I’ve previously discussed Medicare and the related alphabet soup. I briefly mentioned Medical Savings Accounts (MSAs), which are a relatively new feature of Part C plans. As a reminder, Part C or Medicare Advantage plans are administered by private insurance companies, requiring all participants to follow the rules of the insurance company which include seeing providers in a network that can change at any time, obtaining prior authorization for certain medical procedures and services, and paying deductibles, co-pays and coinsurances up to an out-of-pocket limit. These plans look a lot like plans most of us have through our employers or those we obtain privately.
Medicare MSA plans are an option offered through the private insurance companies similar to a Health Savings Account (HSA). An HSA is an account where you can put away pre-tax dollars that can be invested and grow tax-free as long as the funds are used for qualified medical expenses. Importantly, HSAs are not offered through Medicare and are only available to those with high deductible health plans.
MSAs combine a high-deductible insurance plan with a medical savings account that you can use to pay for health care costs. A high deductible plan results in you paying most, if not all, of your medical costs up to a high deductible amount, which varies by plan. You receive deposits into your account from the Medicare MSA Plan. You can use the funds deposited to pay your health care costs before you meet your deductible. As always, the devil is in the details. The money deposited into your account represents only a fraction of the high deductible amount so you will be paying for medical expenses out of pocket, on top of your Part B premium. Note, MSA plans don’t charge a premium. The funds deposited into your account can carry over from year to year so if you have few to no medical expenses over the course of a couple of years you could build up a reserve. It appears a plan like this might be appropriate for someone who is in relatively good health with few expected medical expenses.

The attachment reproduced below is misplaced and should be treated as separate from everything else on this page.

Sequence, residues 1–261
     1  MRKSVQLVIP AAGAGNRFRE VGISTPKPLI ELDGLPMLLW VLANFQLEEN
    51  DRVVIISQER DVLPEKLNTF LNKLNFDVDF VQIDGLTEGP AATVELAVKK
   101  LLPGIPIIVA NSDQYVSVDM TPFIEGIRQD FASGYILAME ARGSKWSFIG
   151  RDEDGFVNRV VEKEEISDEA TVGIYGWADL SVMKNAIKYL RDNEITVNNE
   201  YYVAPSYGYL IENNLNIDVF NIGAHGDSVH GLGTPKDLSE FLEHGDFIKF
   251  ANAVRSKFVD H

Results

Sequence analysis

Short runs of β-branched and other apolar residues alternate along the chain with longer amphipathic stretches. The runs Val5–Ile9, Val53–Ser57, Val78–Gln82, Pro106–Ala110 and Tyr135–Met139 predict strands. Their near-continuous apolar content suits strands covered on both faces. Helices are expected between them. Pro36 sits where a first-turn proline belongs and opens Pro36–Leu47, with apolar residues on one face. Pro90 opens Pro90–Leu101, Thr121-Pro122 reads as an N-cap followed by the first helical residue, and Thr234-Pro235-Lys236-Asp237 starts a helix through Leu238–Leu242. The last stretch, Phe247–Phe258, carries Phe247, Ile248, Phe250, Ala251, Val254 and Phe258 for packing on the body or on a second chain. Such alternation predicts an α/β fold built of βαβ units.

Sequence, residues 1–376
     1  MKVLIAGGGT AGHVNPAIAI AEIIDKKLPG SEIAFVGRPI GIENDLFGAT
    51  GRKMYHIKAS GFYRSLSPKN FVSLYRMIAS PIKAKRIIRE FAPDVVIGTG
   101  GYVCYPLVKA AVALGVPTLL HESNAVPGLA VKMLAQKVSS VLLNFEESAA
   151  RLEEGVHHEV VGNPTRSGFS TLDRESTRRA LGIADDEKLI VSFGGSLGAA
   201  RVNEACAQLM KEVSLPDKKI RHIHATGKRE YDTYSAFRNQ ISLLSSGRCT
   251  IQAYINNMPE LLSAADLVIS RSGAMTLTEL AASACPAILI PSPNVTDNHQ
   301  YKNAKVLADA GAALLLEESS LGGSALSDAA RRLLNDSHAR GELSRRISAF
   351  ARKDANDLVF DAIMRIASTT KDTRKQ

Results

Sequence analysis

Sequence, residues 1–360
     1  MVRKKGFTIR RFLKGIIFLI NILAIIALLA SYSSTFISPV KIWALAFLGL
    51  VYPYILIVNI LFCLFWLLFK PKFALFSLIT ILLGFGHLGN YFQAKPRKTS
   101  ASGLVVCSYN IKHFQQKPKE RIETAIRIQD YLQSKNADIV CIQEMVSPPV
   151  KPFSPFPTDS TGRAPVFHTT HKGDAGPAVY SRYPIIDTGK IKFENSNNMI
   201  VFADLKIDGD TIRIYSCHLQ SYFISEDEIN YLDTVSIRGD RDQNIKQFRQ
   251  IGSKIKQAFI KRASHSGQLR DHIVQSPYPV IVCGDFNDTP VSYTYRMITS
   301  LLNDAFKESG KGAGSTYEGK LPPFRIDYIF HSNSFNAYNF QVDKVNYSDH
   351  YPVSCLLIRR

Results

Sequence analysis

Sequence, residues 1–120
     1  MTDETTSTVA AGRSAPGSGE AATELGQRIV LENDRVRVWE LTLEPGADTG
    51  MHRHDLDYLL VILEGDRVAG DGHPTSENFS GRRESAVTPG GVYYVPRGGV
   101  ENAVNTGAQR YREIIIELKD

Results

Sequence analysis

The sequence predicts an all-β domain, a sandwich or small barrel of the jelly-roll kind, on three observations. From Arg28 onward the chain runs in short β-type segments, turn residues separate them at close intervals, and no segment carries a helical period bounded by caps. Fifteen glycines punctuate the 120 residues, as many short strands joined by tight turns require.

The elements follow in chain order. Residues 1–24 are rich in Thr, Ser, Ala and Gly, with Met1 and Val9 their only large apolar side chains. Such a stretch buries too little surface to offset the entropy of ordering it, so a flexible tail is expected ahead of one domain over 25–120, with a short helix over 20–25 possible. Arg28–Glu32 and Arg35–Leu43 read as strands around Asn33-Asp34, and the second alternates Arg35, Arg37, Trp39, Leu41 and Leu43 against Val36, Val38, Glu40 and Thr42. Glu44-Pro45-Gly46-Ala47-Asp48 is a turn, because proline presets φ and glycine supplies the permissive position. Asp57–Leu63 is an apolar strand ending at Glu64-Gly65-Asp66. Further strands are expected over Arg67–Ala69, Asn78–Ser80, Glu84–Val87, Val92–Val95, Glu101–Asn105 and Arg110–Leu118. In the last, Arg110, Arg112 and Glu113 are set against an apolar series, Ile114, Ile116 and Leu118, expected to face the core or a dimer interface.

Medicare MSA plans cover the Medicare services that all Medicare Advantage Plans must cover. Some Medicare MSA plans may cover additional services such as dental, vision, hearing and/or long-term care not covered by Medicare. Importantly, MSA plans don’t cover Part D prescription drugs so if you end up joining a Medicare MSA Plan you will have to join a Medicare Prescription Drug Plan if you need drug coverage.
The important take-away from this is not all MSA plans have the same features. It’s important to carefully evaluate various plans and to consult with an experienced Medicare insurance advisor.